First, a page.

ATHENS – Kolton Houston knew the final play, or what proved to the final play, was in good shape when the Georgia left guard got to the line and saw Georgia Southern had bought into the three-wideout look, and had two safeties back.
“They were in the perfect look,” Houston said. “And I said: This play has got a chance to spit. And sure enough she went right down the pike.”
Sony Michel did indeed go right through the middle for the game-winning 25-yard touchdown on Georgia’s first play of overtime. The blocking on the play was perfect, and Michel did the rest.
But the rest of the game didn’t look so good blocking-wise for the Bulldogs, at least from afar. Quarterback Greyson Lambert was sacked twice and rushed several more times. Prior to Michel’s touchdown, and excluding the 23-yard Isaiah McKenzie touchdown on the first drive, and Georgia runners only averaged 3.9 yards per attempt.
Still, Houston pushed back on the idea his line was at fault. They actually had a good night, he said, considering the numbers that were thrown at them.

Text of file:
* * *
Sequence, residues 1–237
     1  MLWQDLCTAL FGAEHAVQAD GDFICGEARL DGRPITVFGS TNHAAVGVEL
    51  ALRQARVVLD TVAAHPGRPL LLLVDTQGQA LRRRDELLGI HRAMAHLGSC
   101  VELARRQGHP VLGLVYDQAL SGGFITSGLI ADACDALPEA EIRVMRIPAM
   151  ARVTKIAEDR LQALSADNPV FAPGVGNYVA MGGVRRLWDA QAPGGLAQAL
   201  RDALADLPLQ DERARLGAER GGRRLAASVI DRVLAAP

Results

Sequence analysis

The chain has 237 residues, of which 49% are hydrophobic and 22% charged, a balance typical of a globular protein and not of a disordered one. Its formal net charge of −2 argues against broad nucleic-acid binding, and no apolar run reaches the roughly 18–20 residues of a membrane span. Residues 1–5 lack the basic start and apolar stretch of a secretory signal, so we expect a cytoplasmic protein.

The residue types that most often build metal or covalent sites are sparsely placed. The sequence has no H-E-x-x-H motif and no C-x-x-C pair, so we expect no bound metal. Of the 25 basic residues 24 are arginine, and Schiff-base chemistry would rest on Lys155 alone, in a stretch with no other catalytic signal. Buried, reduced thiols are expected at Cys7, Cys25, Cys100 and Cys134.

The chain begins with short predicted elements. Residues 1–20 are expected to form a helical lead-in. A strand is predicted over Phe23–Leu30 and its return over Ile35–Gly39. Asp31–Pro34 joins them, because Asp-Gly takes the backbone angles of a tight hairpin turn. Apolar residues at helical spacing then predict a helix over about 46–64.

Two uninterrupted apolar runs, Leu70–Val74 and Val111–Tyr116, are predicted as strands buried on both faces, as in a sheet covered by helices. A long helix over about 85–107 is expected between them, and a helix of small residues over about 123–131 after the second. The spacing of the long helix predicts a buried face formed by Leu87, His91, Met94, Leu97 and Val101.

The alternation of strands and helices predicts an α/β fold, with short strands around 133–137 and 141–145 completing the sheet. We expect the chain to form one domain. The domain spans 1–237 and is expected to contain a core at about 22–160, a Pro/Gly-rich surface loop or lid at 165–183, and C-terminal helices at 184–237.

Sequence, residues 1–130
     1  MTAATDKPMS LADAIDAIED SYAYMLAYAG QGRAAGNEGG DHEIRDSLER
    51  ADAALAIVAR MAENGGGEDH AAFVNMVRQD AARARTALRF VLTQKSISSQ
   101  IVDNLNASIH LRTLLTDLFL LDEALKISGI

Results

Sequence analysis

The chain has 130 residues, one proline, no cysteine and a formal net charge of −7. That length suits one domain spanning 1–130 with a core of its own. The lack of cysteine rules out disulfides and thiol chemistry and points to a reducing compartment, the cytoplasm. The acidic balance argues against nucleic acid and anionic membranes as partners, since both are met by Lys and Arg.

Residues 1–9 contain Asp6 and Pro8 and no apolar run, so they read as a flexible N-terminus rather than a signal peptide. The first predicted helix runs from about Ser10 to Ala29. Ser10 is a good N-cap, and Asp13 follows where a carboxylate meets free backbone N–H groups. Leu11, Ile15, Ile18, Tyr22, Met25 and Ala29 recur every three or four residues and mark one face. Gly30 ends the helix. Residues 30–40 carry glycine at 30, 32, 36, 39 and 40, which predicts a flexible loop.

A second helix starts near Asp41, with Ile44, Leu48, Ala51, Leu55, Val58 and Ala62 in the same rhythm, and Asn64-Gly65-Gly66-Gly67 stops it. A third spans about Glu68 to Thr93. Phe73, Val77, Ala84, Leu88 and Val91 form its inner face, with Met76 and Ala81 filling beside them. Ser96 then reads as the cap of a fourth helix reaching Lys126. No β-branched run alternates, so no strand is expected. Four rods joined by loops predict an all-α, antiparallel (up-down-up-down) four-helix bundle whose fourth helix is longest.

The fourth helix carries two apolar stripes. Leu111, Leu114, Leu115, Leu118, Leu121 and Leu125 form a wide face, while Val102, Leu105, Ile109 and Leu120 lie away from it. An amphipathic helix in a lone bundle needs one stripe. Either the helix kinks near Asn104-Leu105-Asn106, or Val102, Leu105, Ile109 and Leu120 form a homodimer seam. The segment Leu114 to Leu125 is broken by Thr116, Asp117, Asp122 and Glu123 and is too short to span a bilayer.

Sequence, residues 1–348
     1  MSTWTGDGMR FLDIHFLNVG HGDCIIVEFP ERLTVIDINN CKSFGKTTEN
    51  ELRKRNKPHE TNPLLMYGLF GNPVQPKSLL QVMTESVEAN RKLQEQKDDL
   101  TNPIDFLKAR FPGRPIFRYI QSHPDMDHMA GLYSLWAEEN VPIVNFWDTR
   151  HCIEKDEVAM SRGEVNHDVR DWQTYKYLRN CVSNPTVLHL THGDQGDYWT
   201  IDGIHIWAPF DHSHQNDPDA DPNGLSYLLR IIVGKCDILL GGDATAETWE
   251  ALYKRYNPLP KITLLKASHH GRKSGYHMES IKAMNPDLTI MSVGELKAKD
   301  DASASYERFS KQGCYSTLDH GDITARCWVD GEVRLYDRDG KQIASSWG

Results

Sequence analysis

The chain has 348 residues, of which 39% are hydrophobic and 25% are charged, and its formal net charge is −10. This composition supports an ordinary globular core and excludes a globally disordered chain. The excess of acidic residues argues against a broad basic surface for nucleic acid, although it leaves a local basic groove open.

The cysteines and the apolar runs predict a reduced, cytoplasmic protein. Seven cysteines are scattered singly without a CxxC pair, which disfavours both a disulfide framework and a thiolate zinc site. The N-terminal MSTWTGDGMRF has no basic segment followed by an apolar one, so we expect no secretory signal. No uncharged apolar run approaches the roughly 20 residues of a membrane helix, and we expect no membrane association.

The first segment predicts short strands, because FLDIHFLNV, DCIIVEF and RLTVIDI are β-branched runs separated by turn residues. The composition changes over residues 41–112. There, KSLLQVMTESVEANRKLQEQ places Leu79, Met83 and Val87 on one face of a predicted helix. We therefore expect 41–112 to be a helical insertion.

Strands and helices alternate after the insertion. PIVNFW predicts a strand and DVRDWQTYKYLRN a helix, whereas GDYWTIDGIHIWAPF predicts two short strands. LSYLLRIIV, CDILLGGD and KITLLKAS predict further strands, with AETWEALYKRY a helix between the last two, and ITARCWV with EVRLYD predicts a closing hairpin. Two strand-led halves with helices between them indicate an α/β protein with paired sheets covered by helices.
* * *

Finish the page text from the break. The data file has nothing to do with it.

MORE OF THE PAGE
“People probably see all the pressure and all that kind of stuff and might think we didn’t play good. But it’s hard to block eight people with five people,” Houston said.
Georgia Southern “probably blitzed 90 percent of the time,” Houston added. The final play was part of the 10 percent.
“That’s hard to do, when people are slanting and twisting and blitzing off the edges,” Houston said. “I think we handled it pretty well, and we were able to keep grinding, and keep pushing, and we came out of here with the W.”
Right tackle John Theus, who spent most of the night on the edges, saw basically the same thing.
“They definitely dialed up and brought everything but the kitchen sink at us,” Theus said. “They were twisting and bringing stunts and all kind of pressure. We had to respond to it, but we did a good job, had a good gameplan for it. And tried to make out adjustments as best we could.”
Theus also brushed off the idea that the personnel movement had an effect: Center Hunter Long was making his first career start, but he’s a fifth-year senior, and Brandon Kublanow moved from center to right guard, but he started every game last year at left guard.
Georgia coach Mark Richt said plenty of credit goes to Georgia Southern’s defensive line, especially up the middle.
“They’ve got two big dudes in there,” Richt said.
He also pointed to a Georgia Southern middle linebacker who was 6-3, 245, and two safeties over 6-foot and 200 pounds.
“That was the thing that I was saying that was a little different about this team than years past when we played them, was the size of them,” Richt said. “They lined up and they looked every bit like a Southeastern Conference football team, for the most part.”